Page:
By Nadia Kurd
“The weather,” writes scholar Christina Sharpe, “necessitates changeability and improvisation; it is the atmospheric condition of time and place; it produces new ecologies.” For Sharpe, ‘the weather’ represents the social and political climate that shapes and produces anti-Blackness. The weather is contextual and ongoing. It is both the condition and the resulting effect on Black life in the aftermath of slavery.[i]
It is within the complexity of ‘the weather’ that Edmonton-based, media artist Christina Battle wants to articulate her interests in disasters and imagine how we cope and respond to change. The concept of disasters —be they social, political, ecological fallouts or otherwise —are the focus of Battle’s art practice. The interconnected nature of past events, history and ideas can manifest in contemporary disasters and as a result, continually create new circumstances and a need to address survival. In her work, Battle also looks at how these ideas and actions are circulated and communicated through social media.
Her process begins broadly by reading and gathering information and images online. As Battle moves through her research, she also quickly makes gifs and other digital images “as a way to reflect on our larger visual sphere.”[ii] Her work brings together digital images and text to animate them in a variety of ways. Sometimes spontaneous, many of these pieces are either reworked or further developed into larger projects. For Battle, “different strategies are taken up depending on the issue at hand. If I’m thinking about satellite mapping and issues related to how we engage with tools that are continually tracking us…the work pulls from aesthetics reminiscent of those technologies.”[iii]
What drives Battle’s practice is her interest in how people use varying modes of communication with one another. “We don’t seem to be doing a very good job,” reflects Battle, “of even recognizing, let alone admitting the problems we face and that drives a certain sense of urgency for me.”[iv]
Her ongoing video-based work Notes to Self (2014-present), addresses this sense of urgency. In the videos, Battle records the burning of paper, which features short phrases and words. Often lasting a few seconds, the notes mimic the visual and sound bites of social media. However, as Battle writes, this work is also unlike social media as “the fate of these updates is controlled and finite, existing only for a few seconds before being completely destroyed.”[v]
In the multi-video installation work, Bad Stars (2018) Battle examines the theme of disaster from an astronomical perspective. Primarily a multi-screen and image installation, the exhibition of this work also brought together a collaborative group of individuals who “to help forward the discussion, beginning with the invitation to contribute to a wall of photographic imagery included in the exhibition.”[vi] The parallel multidisciplinary discussions and presentations that occurred at Trinity Square Video in 2018, allowed for,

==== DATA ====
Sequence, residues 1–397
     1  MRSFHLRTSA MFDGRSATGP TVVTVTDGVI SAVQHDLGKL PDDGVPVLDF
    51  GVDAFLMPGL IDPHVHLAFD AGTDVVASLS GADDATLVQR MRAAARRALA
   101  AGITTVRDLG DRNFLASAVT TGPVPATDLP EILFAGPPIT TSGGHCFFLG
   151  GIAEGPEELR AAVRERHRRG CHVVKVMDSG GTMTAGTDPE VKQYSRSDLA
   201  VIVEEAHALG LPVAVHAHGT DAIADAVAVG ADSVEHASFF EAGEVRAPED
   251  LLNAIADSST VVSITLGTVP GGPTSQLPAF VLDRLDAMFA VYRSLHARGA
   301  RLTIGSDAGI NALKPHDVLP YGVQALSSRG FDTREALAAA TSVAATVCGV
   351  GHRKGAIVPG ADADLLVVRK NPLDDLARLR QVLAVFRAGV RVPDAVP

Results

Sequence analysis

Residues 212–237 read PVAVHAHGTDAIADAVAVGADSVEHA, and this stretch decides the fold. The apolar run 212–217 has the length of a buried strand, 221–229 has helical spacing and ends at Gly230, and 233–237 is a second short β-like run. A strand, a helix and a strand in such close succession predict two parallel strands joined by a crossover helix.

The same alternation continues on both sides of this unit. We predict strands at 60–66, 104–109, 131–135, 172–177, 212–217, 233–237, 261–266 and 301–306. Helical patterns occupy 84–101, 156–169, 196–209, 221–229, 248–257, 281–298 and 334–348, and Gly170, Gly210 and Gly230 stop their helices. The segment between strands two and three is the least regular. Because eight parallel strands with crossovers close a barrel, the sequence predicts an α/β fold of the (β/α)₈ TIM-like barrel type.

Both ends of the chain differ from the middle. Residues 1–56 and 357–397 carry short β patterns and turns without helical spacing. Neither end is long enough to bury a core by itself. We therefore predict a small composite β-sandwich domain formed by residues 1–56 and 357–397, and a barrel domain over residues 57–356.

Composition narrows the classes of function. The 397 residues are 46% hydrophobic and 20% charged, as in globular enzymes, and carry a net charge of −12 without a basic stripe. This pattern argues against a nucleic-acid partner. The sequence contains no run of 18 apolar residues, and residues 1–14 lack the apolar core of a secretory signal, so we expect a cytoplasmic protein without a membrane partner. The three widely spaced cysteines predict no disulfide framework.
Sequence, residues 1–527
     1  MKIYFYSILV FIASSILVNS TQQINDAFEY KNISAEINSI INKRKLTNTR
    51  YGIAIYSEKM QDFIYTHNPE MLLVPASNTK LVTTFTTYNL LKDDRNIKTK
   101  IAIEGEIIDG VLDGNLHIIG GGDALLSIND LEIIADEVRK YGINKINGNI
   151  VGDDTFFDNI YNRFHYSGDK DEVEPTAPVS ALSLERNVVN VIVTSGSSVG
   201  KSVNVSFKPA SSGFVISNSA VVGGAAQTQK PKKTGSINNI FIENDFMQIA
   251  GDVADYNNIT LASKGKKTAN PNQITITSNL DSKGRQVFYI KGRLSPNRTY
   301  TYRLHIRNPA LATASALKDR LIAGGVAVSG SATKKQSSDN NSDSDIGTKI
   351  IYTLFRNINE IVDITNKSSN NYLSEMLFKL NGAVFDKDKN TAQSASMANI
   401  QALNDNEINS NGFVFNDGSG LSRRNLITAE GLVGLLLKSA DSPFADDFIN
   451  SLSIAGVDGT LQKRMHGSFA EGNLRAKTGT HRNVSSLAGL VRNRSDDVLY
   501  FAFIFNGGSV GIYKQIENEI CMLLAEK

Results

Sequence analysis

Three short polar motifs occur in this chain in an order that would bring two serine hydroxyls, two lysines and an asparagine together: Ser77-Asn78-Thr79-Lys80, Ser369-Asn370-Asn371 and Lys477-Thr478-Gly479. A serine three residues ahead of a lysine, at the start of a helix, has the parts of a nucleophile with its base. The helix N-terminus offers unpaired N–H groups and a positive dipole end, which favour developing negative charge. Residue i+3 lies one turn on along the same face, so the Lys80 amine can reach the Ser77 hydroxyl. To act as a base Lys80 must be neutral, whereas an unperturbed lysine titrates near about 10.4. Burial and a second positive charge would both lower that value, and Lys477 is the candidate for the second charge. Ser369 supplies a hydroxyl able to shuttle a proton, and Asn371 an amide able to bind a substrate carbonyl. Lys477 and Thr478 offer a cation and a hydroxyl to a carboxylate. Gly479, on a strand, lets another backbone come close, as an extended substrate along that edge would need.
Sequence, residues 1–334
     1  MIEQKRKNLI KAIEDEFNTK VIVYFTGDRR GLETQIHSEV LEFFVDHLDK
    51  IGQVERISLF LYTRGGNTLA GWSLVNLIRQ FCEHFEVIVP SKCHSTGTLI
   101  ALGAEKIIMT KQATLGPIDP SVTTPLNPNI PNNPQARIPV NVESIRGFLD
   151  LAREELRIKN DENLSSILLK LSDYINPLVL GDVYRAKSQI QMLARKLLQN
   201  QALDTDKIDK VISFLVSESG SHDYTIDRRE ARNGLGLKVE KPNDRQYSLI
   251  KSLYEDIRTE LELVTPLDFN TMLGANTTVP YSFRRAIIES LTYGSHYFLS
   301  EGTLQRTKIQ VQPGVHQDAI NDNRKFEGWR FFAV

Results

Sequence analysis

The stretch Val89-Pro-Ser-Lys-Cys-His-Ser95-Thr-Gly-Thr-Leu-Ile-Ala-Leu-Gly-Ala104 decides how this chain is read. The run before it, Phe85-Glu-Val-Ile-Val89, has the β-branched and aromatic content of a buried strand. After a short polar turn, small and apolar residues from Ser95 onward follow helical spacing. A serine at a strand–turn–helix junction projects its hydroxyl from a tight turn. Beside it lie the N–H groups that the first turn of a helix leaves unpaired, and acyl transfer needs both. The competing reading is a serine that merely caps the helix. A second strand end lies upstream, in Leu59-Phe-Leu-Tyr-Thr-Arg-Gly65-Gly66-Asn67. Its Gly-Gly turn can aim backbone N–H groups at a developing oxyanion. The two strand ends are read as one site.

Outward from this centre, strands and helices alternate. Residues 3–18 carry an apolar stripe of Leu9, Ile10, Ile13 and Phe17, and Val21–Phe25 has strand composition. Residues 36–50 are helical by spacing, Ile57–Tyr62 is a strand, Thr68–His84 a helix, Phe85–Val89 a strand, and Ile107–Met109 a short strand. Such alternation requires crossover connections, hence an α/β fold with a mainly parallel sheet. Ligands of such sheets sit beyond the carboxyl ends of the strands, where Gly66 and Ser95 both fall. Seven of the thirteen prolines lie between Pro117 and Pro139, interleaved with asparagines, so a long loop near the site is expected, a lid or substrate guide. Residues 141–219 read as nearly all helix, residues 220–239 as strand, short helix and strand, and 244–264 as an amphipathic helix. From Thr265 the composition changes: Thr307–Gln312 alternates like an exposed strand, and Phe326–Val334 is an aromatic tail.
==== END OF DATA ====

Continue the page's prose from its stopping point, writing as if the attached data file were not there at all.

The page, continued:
… room for those from various disciplines to come together for shared conversation and experience, programming invites those actively researching and working to tackle issues of disaster into the space of the gallery.[vii]
The participatory aspect of this installation allows for the images and videos in the installation to be grounded in tangible realities. Though not similarly interactive, the billboard project the view from here (2019) immerses images into the built environment. Mirroring the impact of advertising, the large-scale collage billboard merges satellite images (from where the works are located) and the texts to evoke self-reflection on situational environmental themes such as “How to Sense What You Cannot See” and “Locate Yourself”. In presenting these large-scale digital images, curator Jayne Wilkinson notes that the work, “asks viewers and passers-by to consider how the digital infrastructure and global networks are obscured by the surfaces of the sea.”[viii]
A large part of her creative work has included curating exhibitions. In 2020, Battle will be organizing a group exhibition titled Grasping at the Roots at the Mitchell Art Gallery (Grant MacEwan University, Edmonton). While still in development, this upcoming exhibition will feature both regional and national Canadian artists who work closely with communities through critical sustained engagement.
With a background in Environmental Biology, film studies and fine arts, Battle is currently completing a Ph.D. in Art & Visual Culture at the University of Western Ontario. As she researches and explores the changing nature of online communications, her work will no doubt shift in order to respond to the complexity of our world. “I am trying to make images as a way of starting conversations with people I don’t know,” writes Battle, “I consider how others might engage with the images and how through images we might come together and form some kind of collective understanding.”[ix]
[i] Christina Sharpe, In the Wake: On Blackness and Being (Durham: Duke University Press, 2016), 104.
[ii] Christina Battle, interview by author, Edmonton, AB, August 4, 2019.
[viii] Capture Photofest. “Signals in the Sea”, https://capturephotofest.com/public-installations/signals-in-the-sea/ (accessed August 4, 2019).
[ix] Artist interview with Author.